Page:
I am feeling pretty fried and drained from this process. I am seeing four schools this week and five next.
This was my number one school coming into this game and site unseen. The location, late start time (9:30), spanish immersion and K-8.....I was sold.
(I let myself in via a back gate that seemed like it should have been locked but wasnt. I proceeded to wander around for a good five minutes before finding anyone to ask where to go. Is this a safety concern? Maybe.)
Schools tarts at 9:30 AM. There is early drop-off starting at 7:30 AM and after-care until 6:00 PM. the aftercare is a combination of fee-based and excel scholarships. Thursday is an early dismissal day for teacher collaboration and aftercare is available earlier in the day.
This tour was huge - I am guessing over 50 people. Per usual, we all gathered in the auditorium where the principal introduced herself and fielded questions for about 35 minutes and then went on the tour.
The principal, Jennifer Steiner, is in her first year at BVHM. She came from Monroe where she was the principal for six years (and taught for five years at Monroe prior to that). While she seemed lovely she definitely did not WOW me. She did not scream power to me (not power in a ruling way, but power in a loud voice to the school district to be heard and recognized).
Buena Vista is SFSUD first immersion school and the second oldrest one in California. Horace Mann is the oldest middle school in SF. The two merged last year as the city's first K-8 immersion school. There are about 30-35 teachers in tlower school and about 20 in the upper school. Most teachers are tenured/veteran and about five have less than two years teaching experience. Like the other immersion programs, kinder starts with 90%ish Spanish and then by 4th or 5th grade is 50%. Jennifer stated that SFUSD does not have a policy for percentages in the middle school and this is something theya re working on together.
The School Improvement Grants (SIG) grant ends at the end of 2012-2013 school and with it is the end of $1,000,000!! Jennifer said they were looking into other grants right now but didnt elaborate.
Jennifer stated her number one goal is for the school to feel like one school rather than two and recognized that this will take time. She said there have already been "several" suspensions this year (did not say how many) in both upper and lower grades and when pressed about how often she gets called in for disciplinary issues she said "well, yesterday was zero but the day before was three times". This seemed like a lot to me...anyone else??
There are four administrators onsite - the principal (Jennifer), a community school coordinator, director of instruction and learning and the original principal of Buena Vista (not sure what his role is on a daily basis).
The younger kids and older kids (middle school) are mostly separate. The middle school is housed on the third floor and a separate building. They have separate recess, PE, gymnasiums. This was different than a lot of the private school K-8 schools where they talked a lot of about the intermingling of ages. There is a school cafeteria and two grades at a time eat together (K/1, 2/3, 4/5)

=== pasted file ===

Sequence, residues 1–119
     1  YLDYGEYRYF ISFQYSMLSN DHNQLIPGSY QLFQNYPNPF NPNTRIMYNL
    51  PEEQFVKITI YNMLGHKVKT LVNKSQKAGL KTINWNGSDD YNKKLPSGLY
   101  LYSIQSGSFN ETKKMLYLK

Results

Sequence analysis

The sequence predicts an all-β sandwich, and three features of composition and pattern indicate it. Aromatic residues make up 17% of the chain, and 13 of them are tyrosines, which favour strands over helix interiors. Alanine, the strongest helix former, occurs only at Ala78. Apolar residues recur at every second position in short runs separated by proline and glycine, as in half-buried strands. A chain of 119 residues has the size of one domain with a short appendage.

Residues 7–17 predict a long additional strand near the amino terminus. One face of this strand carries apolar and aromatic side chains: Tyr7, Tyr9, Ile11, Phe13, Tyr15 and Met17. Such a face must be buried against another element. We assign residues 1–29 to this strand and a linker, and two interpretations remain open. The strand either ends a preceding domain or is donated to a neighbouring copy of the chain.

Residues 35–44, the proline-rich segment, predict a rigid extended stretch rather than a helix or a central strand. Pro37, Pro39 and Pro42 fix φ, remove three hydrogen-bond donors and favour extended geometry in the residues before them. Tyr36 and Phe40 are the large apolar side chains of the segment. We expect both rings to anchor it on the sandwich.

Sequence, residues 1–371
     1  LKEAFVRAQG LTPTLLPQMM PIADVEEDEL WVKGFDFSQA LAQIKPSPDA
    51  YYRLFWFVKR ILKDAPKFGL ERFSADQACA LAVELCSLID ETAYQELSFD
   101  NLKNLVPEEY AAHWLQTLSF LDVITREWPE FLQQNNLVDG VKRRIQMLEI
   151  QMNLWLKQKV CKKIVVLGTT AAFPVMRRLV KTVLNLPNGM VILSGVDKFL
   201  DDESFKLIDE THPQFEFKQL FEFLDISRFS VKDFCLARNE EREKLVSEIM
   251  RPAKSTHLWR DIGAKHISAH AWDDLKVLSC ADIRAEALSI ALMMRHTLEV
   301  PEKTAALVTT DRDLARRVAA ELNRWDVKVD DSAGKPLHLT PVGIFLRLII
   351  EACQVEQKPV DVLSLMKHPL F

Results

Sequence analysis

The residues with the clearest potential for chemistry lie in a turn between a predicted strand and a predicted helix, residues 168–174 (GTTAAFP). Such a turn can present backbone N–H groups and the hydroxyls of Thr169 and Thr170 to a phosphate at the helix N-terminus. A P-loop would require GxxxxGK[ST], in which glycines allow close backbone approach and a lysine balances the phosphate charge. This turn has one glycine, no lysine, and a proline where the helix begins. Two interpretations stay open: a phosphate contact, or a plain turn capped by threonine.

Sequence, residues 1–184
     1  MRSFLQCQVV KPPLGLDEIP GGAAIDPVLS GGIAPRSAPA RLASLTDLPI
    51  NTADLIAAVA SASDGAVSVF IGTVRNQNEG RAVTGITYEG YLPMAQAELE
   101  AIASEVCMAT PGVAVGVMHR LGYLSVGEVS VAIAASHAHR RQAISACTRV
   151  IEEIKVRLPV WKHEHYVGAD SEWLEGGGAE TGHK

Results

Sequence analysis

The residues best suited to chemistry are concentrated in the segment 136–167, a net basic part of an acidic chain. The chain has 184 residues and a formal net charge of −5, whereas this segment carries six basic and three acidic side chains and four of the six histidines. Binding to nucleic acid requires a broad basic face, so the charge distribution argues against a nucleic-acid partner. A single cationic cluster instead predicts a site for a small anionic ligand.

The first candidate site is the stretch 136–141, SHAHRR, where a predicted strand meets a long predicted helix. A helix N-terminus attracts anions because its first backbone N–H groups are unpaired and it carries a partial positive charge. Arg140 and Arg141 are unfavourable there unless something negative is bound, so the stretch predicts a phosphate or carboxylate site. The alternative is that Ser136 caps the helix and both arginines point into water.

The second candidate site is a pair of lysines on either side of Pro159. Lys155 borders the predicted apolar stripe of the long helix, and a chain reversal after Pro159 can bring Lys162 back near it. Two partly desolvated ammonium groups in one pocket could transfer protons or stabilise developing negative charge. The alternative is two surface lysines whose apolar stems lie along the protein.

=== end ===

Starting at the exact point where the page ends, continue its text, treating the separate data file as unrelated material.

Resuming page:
I asked about community partnerships and she answered that they were currently re-evaluating all of their partnerships. They do partner with PlayWorks (as do all Mission schools, she said) and AcroSports.
While the tours were parent led, none of the parents I approached were part of th PTA. They all said they volunteered in various ways but were not PTA members. Last year the PTA raised $100,000 and helped fund field trips, teacher grants and art programs. There is an 80% time gardener who is funded for two more years (not sure what she is funded by). There is a library which looked like a library and a computer lab.
The tour: We went into one kinder, first, second and third grade. We were told we could stay after to look into the middle school but by then I HAD to go. I am hoping to go back next week.
I loved what I saw in the kinder class...it was noisy and full of life and there was lots going on - kids working at their desks independently, small groups and one larger group. It seems chaotic but with one "ba da bum bum" the kids were silenced and focused on the teacher! KUDOS! I counted 18 children in the classroom.
The next kinder class was at choral but the teacher invited us in for a 20 minute chat/Q&A which was without doubt, the most useful thing I have gotten out of ANY tour. She talked about curriculum, literacy (phonics versus site words) expectations upon entering, how kids who are struggling are supported, how kids who are advancing quickly are kept stimulated. She said that by November the kids are understanding everything that is said to them in Spanish in the classroom. She showed us examples of work and projects. (I learned today that textbooks change no sooner than every seven years!).
There is library, computer lab, gardening and choral every other week. I am not sure if this is K-3 or K-5.
All of the first, second and third grade classes had between 17-19 kids. The second grade teacher followed us into the hallway to ask if we had any questions about the curriculum. All of the kids seemed engaged and focused.
Overall, I like the school. I am curious to see if the principal has what it takes to make this school as amazing as it can be! I think there are huge potentials with this school and I was really impressed with the bit of classes I saw. The issues of several suspensions and daily discipline is a bit concerning as well (but I dont know - is this normal? doesnt seem right...). The huge loss of revenue is also concerning to me.